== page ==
Case 7

  1. A cystogram has been performed.
  2. Contrast is seen to opacify the urinary bladder as well as another structure which has a more longitudinal appearance on the image.
  3. The diagnosis is a vesicovaginal fistula (VVF). In developing countries, the commonest cause is prolonged labour, but in developed countries 90% are seen due to bladder injury following pelvic surgery. Risk factors include previous surgery, diabetes, endometriosis and infection. Patients usually present with leakage of urine into the vagina, causing urinary incontinence.
  4. Conservative management can occasionally be successful if a VVF is diagnosed within the first few days of surgery and a urinary catheter is left in situ. Alternatively, surgical repair may be necessary, particularly if the VVF is longstanding.


Case 8

  1. There is a well-defined, anechoic round lesion in the right testis that demonstrates a ring-like appearance.
  2. The most likely diagnosis is an epidermoid cyst. Epidermoid cysts account for 1-2% testicular masses and usually present in the second to fourth decades. They typically present as a painless mass and are usually 1-3cm in diameter. They are composed of layers of keratinous debris lined with keratinous squamous epithelium, and classically are described as having an ‘onion-skin’ appearance.
  3. Although these are benign, there is a very small potential of the lesion being malignant and therefore excision is advised. This can be localised rather than a full orchidectomy being required.


Case 9

  1. There is right hydronephrosis and perinephric fat stranding adjacent to the right kidney. Air is seen in the collecting system and there are multiple calculi in the right kidney.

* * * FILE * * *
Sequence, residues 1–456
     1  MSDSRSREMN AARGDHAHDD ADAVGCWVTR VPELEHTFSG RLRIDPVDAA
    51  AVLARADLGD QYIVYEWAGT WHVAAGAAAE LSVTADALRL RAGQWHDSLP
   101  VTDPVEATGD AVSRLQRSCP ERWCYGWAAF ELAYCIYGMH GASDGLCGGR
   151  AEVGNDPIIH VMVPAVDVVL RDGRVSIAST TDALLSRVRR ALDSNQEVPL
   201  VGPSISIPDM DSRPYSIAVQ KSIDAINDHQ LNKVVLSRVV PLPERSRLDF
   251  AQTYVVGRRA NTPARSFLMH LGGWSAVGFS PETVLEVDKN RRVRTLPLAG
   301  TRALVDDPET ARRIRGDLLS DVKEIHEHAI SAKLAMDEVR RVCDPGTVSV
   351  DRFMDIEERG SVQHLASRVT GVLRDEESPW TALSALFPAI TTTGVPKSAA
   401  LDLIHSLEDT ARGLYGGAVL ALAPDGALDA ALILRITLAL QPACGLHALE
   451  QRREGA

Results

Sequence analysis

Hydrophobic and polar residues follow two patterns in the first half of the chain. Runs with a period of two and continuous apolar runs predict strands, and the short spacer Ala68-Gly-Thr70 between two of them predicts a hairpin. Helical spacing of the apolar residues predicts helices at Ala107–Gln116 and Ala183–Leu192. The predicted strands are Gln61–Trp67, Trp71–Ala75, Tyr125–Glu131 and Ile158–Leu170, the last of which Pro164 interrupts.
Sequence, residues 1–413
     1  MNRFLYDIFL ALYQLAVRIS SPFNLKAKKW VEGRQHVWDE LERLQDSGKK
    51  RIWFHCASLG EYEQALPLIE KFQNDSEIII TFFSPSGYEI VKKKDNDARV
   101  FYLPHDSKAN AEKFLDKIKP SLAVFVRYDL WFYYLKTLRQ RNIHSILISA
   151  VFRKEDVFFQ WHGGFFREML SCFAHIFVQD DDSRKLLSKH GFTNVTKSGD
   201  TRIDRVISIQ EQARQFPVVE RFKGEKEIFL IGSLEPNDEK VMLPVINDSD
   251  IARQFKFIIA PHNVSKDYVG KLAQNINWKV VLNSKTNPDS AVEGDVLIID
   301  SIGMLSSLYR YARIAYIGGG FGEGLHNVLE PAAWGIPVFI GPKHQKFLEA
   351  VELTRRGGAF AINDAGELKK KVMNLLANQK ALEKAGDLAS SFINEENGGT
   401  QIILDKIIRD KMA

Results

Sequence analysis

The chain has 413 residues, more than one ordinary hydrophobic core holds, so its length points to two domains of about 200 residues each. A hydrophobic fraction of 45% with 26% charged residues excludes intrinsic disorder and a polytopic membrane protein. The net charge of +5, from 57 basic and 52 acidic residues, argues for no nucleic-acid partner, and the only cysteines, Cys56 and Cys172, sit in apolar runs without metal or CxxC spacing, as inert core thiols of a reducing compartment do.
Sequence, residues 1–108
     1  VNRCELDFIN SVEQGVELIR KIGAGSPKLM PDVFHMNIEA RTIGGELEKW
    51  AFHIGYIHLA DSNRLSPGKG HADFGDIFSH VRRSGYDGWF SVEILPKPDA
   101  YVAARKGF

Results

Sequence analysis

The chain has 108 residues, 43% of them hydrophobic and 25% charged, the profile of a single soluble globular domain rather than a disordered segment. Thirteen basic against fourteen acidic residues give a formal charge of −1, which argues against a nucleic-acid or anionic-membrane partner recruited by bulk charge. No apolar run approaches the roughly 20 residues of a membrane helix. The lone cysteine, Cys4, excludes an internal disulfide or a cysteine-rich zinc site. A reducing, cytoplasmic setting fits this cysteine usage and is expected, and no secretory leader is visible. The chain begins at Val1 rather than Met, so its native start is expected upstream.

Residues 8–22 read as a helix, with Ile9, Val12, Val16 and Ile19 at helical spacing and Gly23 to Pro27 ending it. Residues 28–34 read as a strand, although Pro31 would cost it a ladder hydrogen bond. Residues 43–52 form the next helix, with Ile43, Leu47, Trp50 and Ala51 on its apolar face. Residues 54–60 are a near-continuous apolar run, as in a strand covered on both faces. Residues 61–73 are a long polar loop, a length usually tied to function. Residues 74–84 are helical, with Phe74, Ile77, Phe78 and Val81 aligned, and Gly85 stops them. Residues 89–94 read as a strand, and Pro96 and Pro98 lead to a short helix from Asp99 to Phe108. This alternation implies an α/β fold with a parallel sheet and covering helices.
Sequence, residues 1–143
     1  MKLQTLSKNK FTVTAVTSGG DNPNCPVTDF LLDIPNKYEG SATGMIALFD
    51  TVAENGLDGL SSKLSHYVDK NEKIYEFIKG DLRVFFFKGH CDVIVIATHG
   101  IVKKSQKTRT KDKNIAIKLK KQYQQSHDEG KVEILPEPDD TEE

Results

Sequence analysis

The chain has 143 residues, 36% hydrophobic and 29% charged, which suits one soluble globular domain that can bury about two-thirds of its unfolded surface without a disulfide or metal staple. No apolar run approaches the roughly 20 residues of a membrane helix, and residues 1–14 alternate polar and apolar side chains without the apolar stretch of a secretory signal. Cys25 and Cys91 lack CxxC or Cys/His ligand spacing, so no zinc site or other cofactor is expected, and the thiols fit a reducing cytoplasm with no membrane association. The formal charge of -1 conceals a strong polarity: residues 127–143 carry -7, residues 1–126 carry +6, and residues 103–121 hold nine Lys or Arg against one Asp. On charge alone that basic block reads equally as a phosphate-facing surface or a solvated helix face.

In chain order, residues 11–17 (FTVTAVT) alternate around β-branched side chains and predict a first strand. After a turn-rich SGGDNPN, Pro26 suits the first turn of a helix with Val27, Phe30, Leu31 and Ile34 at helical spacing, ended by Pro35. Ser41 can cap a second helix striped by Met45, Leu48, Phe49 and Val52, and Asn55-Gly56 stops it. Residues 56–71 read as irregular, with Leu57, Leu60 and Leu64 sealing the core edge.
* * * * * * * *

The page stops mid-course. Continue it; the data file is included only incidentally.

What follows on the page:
2. The appearance has a description of a ‘bear’s paw’.
  3. The diagnosis is xanthogranulomatous pyelonephritis. This is seen in a chronically infected, obstructed kidney, and 80% of cases have renal calculi. The commonest causative organisms are Proteus and E coli. It is often associated with diabetes, or seen in immunocompromised patients. It usually affects the whole kidney, but 15% of cases can be focal.
  4. Antibiotics should be given, but surgical treatment with nephrectomy is usually required. The affected kidney is usually non-functioning, and patients are often systemically unwell due to the chronic nature of the condition.


Case 10

  1. This is an ileal conduitogram, where 8F Foley catheter is inserted into the ileal conduit and contrast injected by hand. The ileal loop, anastomosis, both ureters and collecting systems should opacify and be evaluated.
  2. The ileal loop and anastomosis are clearly seen. The right ureter and collecting system appear normal, with no filling defect seen. The distal left ureter is seen, but the left collecting system and proximal ureter are not visualised.
  3. This appearance could be due to a stricture, or tumour recurrence in the left ureter.
  4. The patient needs further evaluation to assess if the left kidney is hydronephrotic and if there is a left ureteric tumour. Ultrasound could be undertaken whilst the patient is in the radiology department to look for hydronephrosis, but CTU would be recommended for full evaluation. An image from the patient’s CTU is shown below, demonstrating left hydronephrosis and a mid ureteric tumour, accounting for the findings on the ileal conduitogram.

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Jane Belfield

Royal Liverpool University Hospital, UK.